Inside Toronto's most unique music hub
Array Space in Toronto is one of those secrets you could live a block away from and never know about. The West Queen West concert venue, rehearsal space, and recording studio occupies the second floor of an industrial building a hop away from Toronto's doomed (ex) coffin factory on Niagara (former home of Trash Palace) but the feeling at 155 Walnut Street is not of impending demolition, but of growth.
In many ways Array's set up is similar to other independent, non-bar Toronto venues: there's a main room to host performances, a more-or-less updated online calendar of events, a buzzing relationship with local musicians, and at least a slight danger of patrons being locked out (our photographer had a close call). Yet there's more going on at Array than meets the eye.
On a frozen night in January I stopped by Somewhere There's Audiopolination session, which brings together musicians who, ideally, have never before played together for a night of improvisation, to find out what makes Array so unique to Toronto's music scene.
When experimental venue Somewhere There was abruptly booted from Sterling Road, they found welcoming arms at Array. The transient promoters, who also find happy homes at Ratio and the Tranzac, among others, tell me the venue is the highest quality concert space they can afford in Toronto (they rent time at Array in bulk to save money), and from sound to lighting to the curtains, it's also the nicest home they've ever had.
The night's players take their time setting up, chatting about the early days playing improvised music before ever learning to read sheet notation, while someone meanders meticulously rearranging chairs. For a long while I'm the only woman in the room - still a too familiar concert experience.
As the three performers improvise together, it's clear why Audiopolination favour Array. Live projections have ample wall space, and the sound is crystal clear. Rather than being dissonant, the jam on this night has a pleasant folk music thing going on between flute, strings, and percussion. The crowd is silent and receptive. To a casual concert goer, the show could just be a stop along the night.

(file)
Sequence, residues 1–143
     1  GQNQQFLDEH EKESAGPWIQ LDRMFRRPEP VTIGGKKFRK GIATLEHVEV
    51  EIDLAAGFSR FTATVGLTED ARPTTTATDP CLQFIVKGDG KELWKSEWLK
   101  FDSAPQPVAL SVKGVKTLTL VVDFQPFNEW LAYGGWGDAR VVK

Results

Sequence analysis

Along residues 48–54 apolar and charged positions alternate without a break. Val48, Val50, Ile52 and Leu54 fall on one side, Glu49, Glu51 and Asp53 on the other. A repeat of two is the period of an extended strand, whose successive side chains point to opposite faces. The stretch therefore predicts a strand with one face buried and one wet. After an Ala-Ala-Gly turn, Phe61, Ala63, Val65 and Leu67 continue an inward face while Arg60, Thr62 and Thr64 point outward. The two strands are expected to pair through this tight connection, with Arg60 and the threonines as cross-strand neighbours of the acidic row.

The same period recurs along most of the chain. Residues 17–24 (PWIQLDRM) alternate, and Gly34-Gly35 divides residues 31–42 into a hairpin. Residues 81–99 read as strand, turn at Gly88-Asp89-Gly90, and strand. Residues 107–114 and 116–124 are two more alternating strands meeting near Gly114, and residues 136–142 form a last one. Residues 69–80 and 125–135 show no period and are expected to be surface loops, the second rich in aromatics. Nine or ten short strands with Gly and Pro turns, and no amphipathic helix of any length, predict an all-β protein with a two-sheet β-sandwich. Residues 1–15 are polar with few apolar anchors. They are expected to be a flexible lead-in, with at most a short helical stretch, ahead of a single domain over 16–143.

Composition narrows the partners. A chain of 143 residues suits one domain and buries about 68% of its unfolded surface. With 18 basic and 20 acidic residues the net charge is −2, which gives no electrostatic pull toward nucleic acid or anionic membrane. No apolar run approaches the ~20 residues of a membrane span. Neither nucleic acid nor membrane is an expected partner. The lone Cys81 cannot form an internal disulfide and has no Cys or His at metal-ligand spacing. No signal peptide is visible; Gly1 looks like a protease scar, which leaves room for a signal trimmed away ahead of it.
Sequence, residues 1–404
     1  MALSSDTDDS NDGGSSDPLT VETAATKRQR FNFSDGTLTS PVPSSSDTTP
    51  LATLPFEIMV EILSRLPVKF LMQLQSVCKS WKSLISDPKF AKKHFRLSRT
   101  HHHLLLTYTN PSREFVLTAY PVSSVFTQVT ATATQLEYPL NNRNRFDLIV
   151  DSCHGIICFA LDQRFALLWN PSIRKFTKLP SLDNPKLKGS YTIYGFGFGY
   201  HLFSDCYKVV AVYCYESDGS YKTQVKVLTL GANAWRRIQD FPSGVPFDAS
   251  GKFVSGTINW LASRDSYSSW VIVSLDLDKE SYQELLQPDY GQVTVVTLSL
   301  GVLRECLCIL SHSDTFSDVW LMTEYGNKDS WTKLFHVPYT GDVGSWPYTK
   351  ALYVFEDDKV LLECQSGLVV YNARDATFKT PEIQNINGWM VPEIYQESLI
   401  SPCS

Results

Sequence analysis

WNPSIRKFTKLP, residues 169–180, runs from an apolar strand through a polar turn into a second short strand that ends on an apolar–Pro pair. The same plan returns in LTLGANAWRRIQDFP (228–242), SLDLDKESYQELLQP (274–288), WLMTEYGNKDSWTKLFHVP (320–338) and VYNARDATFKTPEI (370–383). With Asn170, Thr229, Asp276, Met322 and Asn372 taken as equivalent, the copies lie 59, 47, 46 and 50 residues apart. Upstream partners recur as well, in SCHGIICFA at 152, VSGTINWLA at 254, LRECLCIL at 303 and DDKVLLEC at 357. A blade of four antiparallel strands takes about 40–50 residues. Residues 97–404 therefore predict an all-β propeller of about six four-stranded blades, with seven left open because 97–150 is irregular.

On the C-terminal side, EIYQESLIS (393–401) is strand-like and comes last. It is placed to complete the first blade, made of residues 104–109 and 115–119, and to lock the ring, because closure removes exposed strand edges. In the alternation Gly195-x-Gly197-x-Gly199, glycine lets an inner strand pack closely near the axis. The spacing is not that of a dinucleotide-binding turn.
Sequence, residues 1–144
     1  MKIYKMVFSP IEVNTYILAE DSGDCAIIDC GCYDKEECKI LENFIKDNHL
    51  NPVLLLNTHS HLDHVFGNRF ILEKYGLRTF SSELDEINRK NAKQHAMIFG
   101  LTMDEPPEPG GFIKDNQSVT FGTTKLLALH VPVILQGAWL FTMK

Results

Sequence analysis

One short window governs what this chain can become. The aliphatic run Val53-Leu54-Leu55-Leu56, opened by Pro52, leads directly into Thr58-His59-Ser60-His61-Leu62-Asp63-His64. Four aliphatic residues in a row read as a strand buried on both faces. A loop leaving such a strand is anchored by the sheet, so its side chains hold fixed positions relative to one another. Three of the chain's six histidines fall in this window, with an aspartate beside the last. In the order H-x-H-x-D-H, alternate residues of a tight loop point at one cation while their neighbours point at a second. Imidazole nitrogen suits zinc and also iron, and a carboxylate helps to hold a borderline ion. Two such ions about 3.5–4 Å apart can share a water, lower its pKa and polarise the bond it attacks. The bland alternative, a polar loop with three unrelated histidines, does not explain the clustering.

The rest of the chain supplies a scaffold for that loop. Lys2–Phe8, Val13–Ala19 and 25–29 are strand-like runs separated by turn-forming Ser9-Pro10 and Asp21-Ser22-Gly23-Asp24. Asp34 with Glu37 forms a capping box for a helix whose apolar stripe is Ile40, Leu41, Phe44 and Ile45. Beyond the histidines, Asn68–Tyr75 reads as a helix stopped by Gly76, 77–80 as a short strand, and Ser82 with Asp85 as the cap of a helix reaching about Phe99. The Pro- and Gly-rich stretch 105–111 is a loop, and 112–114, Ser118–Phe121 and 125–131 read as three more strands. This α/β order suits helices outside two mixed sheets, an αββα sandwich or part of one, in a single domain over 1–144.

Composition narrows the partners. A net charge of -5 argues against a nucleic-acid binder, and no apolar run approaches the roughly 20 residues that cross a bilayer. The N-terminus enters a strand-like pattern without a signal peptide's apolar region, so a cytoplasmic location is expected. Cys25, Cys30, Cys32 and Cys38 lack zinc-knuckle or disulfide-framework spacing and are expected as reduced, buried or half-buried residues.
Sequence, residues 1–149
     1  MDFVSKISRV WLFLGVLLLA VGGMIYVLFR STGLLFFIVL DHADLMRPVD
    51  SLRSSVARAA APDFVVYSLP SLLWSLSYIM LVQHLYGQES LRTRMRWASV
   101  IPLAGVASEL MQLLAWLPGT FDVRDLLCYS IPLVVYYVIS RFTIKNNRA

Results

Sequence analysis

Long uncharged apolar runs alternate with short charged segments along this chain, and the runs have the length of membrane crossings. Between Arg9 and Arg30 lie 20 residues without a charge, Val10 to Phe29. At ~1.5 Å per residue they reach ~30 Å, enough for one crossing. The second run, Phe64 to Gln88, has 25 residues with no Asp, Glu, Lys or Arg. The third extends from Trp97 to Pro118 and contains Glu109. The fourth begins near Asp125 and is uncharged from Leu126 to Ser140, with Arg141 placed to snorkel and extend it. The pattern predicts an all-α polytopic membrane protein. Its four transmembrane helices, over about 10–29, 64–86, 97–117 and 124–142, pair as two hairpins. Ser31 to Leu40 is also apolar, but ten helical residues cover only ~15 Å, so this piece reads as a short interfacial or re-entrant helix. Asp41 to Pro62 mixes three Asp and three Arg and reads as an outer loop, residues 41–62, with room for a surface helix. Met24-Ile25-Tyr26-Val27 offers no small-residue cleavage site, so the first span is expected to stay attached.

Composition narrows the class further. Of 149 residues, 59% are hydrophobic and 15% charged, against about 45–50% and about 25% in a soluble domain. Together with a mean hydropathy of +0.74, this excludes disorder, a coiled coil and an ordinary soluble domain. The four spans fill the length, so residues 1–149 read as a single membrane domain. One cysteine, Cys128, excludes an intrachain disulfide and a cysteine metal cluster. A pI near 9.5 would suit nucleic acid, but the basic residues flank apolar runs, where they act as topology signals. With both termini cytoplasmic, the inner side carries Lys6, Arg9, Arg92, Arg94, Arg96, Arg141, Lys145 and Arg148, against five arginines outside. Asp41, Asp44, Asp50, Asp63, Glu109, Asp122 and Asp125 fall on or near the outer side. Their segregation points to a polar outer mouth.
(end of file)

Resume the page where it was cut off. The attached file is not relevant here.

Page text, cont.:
Array is unique, though, in that it goes beyond hosting public concerts. While they also offer rehearsal time (with two baby grand pianos handy), artist studios, a library, and audio recording (with engineer, if requested), Array Space is just a section of the Array Music world. Array programs lectures and workshops like the Indigenous Music Creators Project and the Young Composers' Workshop, and special Array Sessions. All this ties into founding force, the Array Ensemble.
Array's Artistic Director Rick Sacks tells me the Ensemble was founded in 1972, and the players have always been tied to a physical space: first in a garage, then in the former Artscape space in Liberty Village, and now on Walnut. What began as a "collective of composers wanting to get their music played" is now an internationally recognized contemporary chamber ensemble, who've come to rely on unstructured availability of rehearsal and performance time.
"We always had an autonomous space" Sacks reminisces. "We need a home base." Defining themselves freely as they progressed, Array has grown organically into something that's one of a kind. The collective of players plan their seasons a year in advance, pay union rates, and showcase the work of living composers, most of whom are Canadian, combining classical instrumentation and electronics as called for.
Every five years a new artistic director from the Ensemble brings a different focus to Array (who have only been on Walnut Street for about two years), meaning they've made connections worldwide, and intertwined modern dance, electronics, improv, theatrical elements, and multimedia. Musicians coming through Toronto from around the world can be found at Array at all hours of the night, rehearsing for gigs or recording with local talent.
Sacks admits he hasn't heard of many organizations like Array, but is quick to mention Toronto sister venues The Music Gallery and Lula Lounge, as well as groups like Continuum, Thin Edge, and the Toy Piano Composers.
Now outfitted with wheelchair access, new curtains, and soon-to-be installed PTV cameras, Sacks has a five year plan for Array's relatively new home, from the esoteric (solidifying what the space means to the community and connecting with emerging artists) to the practical (launching a digital concert hall where audiences can pay-per-view or subscribe to all of Array's concerts online -- videos are currently uploaded for free). He's excited to host live shows more regularly and help foster new talents in the city.
A fuse blows in the main room, and for a minute there's a flurry of activity, while outside the only hint of the bustle within is Array's understated white sandwich board. As long as artists somehow find the space they need here, Toronto will never run out of secrets like Array.
Photos by Matt Forsythe
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